No binding precedent in the U.S. holds that criminalizing bigamy or polygamy is unconstitutional, even in the case of broadly drafted statutes like those in Colorado and Utah, where affirmative legal recognition of the purported plural marriage is not sought.
The elements of the crime of bigamy under the Uniform Code of Military Justice (UCMJ) Manual for Courts-Martial, which makes bigamy a military justice offense under Article 134 of the Uniform Code of Military Justice is narrower and does not contain an express cohabitation clause as the Colorado and Utah statutes do (or at least did in 2013). A prosecution under the UCMJ for attempted bigamy would still be possible in these circumstances (in addition to prosecutions for adultery and wrongful cohabitation, which are separate UCMJ offenses under Article 134 of the UCMJ specified in the Manual for Courts-Martial) would be possible if there is at least one legally recognized marriage, but not if there is just one.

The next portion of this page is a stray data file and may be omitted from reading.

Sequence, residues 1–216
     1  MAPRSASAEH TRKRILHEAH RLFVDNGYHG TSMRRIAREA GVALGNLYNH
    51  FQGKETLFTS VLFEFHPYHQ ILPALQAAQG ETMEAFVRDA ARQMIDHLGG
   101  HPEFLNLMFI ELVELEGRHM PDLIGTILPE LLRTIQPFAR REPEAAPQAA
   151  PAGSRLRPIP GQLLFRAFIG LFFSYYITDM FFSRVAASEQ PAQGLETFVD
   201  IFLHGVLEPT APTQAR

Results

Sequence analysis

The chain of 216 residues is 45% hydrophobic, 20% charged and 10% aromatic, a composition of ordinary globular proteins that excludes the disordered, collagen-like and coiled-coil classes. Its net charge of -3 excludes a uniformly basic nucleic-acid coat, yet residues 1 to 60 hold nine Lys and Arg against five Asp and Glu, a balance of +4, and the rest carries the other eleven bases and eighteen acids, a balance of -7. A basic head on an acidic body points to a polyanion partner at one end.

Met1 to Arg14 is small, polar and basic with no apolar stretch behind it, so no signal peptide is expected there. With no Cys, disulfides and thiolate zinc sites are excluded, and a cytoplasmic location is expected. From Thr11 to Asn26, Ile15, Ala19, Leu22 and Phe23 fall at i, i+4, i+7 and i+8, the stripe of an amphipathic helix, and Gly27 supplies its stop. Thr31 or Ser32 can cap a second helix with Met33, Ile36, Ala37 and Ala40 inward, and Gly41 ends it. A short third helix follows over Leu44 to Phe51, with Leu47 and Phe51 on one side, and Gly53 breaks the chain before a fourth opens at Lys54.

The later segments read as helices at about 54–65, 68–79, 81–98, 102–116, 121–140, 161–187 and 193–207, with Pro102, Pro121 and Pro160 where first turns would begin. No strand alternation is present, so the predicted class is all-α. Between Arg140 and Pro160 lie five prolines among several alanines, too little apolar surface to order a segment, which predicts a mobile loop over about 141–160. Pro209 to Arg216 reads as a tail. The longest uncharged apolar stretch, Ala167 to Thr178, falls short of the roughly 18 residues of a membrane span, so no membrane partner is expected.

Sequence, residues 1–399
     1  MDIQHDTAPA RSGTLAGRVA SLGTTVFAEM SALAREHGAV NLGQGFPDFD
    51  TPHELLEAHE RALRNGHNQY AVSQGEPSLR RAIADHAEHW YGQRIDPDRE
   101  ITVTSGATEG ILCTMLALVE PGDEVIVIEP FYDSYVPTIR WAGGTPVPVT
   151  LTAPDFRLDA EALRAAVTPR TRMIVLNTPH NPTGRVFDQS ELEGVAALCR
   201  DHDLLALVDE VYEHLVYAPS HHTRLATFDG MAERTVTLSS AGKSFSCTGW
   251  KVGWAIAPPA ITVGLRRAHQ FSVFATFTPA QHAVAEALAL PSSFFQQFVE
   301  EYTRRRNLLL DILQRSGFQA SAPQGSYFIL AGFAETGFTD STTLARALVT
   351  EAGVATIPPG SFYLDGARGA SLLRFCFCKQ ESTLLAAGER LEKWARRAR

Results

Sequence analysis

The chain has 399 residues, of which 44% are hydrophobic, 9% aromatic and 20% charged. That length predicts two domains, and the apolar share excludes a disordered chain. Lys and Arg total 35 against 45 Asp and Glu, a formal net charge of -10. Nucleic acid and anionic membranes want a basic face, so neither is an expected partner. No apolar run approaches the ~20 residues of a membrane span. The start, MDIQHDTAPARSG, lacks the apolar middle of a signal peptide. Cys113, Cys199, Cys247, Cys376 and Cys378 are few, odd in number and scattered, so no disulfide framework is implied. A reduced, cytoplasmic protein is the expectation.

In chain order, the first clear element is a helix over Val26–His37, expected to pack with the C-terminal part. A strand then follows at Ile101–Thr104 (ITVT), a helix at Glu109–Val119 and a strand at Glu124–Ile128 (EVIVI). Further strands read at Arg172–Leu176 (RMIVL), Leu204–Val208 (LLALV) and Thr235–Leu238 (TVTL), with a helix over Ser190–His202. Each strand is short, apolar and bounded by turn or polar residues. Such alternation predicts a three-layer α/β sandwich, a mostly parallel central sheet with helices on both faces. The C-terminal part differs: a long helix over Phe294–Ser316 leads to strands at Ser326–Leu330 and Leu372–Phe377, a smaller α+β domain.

So what about if a few guys live together with one girl or the other
way around? What about if they call each other husband and wife but do
not get government recognition.
What laws would get them in trouble?
In some circumstances this could violate local zoning laws limiting the number of unrelated people who can share a residence, if they live together in one home. And, there have been laws that barred unmarried people from cohabiting. But most of those have been repealed and it isn't clear to what extent such laws (which are now rare) would be upheld as constitutional in the fact pattern of the original question.